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article imageRomania votes in controversial marriage referendum

By Mihaela RODINA (AFP)     Oct 5, 2018 in World

Romanians voted Saturday in a referendum on whether to alter the constitution to define marriage as explicitly between a man and woman, in a move critics say will block same-sex marriage in future.

The ruling Social Democrats hope the vote will re-energise flagging grassroots support among the country's overwhelmingly Orthodox population. The current definition -- which speaks simply of "spouses" -- has been in place since 1991.

The "yes" vote is widely expected to win, with a poll on Friday showing as many as 90 percent of people in favour.

The Social Democratic Party (PSD) has opted to let voters also cast their ballots on Sunday to ensure maximum turnout, as at least 30 percent is required for the result to be valid.

Turnout was just over five percent two hours before close of polls on Saturday, according to official figures. There are an estimated 19 million voters.

"We expect a stronger showing in rural areas on Sunday after mass, but this trend will have to be replicated all day, including in the cities, to reach the (30 percent) threshold," said sociologist Barbu Mateescu.

Among the first to cast their votes was PSD strongman Liviu Dragnea.

"The time has come to decide ourselves how we want to live in our country," he said, adding that a "yes" vote was "absolutely not a vote against a minority".

From a legal point of view, nothing will change if the "yes" side wins the referendum.

Same-sex couples are already not allowed by law to marry or enter into civil partnerships in Romania.

Nevertheless, critics say a change in the wording of the constitution will make it difficult or nigh-on impossible for gays and lesbians to marry in future.

- Homophobia fears -

Romanian Orthodox Catholic nuns cast their votes. Romania  which joined the European Union in 2007 a...
Romanian Orthodox Catholic nuns cast their votes. Romania, which joined the European Union in 2007 and is the bloc's second-poorest member after Bulgaria, only decriminalised homosexuality in 2001
Daniel MIHAILESCU, AFP

In Bucharest, voters in favour of the constitution change said they wanted to protect the traditional family.

"If we allow gay people to marry, tomorrow they will be asking to adopt children and that would be unacceptable," said one retired man.

The country's LGBT community, which already complains that gay people are subject to widespread discrimination on an everyday basis, believes the referendum -- which has the explicit backing of the Orthodox church -- will fuel homophobia still further.

Romania, which joined the European Union in 2007 and is the bloc's second-poorest member after Bulgaria, only decriminalised homosexuality in 2001.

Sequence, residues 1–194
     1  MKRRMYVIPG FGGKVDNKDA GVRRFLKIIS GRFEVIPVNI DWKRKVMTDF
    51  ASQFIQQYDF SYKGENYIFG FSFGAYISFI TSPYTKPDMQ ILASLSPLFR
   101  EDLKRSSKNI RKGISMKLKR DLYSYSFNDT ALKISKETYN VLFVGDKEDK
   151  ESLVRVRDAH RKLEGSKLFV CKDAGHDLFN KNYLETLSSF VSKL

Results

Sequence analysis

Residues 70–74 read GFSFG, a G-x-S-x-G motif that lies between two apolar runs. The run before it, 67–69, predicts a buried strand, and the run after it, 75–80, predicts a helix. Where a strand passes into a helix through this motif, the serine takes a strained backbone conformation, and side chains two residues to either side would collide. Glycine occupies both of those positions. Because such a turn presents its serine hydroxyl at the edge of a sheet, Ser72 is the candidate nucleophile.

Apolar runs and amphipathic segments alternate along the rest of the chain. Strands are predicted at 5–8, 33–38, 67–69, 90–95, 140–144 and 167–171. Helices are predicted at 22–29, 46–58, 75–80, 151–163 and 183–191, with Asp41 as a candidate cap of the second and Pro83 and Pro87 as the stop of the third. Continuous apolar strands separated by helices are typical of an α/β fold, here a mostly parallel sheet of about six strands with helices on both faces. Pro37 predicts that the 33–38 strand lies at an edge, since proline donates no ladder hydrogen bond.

A defeat would deal a severe blow to the PSD who have been campaigning, albeit unofficially, alongside Orthodox priests for the "yes" side.

Social Democratic Party strongman Liviu Dragnea says his 'Orthodox education and my traditional...
Social Democratic Party strongman Liviu Dragnea says his 'Orthodox education and my traditional upbringing' means he will vote yes
Daniel MIHAILESCU, AFP

"My Orthodox education and my traditional upbringing make me say 'yes'," Dragnea said earlier.

It was Dragnea, 55, who led the PSD to a sweeping victory in 2016 elections.

But he was unable to run for the post of prime minister due to legal troubles, including a two-year suspended prison sentence for vote-rigging in a referendum in 2016.

And he is scheduled to appear in court on Monday -- the same day the result of the referendum is expected to be announced -- to appeal another sentence, of three-and-a-half years, over a fake jobs scandal.

- Concern in Brussels -

The message was clear at the Bucharest Pride parade in June
The message was clear at the Bucharest Pride parade in June
Daniel MIHAILESCU, AFP

The government's decision to press ahead with the referendum has alarmed Brussels, with the EU Commission's deputy chief, Frans Timmermans, reminding Bucharest of its human rights commitments.

"I don't want family values to be transformed into arguments that encourage the darkest demons and hatred against sexual minorities," he said earlier.

Bela Marko, a poet and former president of the Ethnic Hungarians' Union in Romania, warned that "everything will change the day after the vote, as other initiatives will follow, first against abortion, then on the state's religion, the death penalty, the Roma" and other issues.

"In a democracy, the rights of minorities are not put to a vote. That's the difference between the Middle Ages and the 21st century," added the Centre for Legal Resources, a non-profit NGO.

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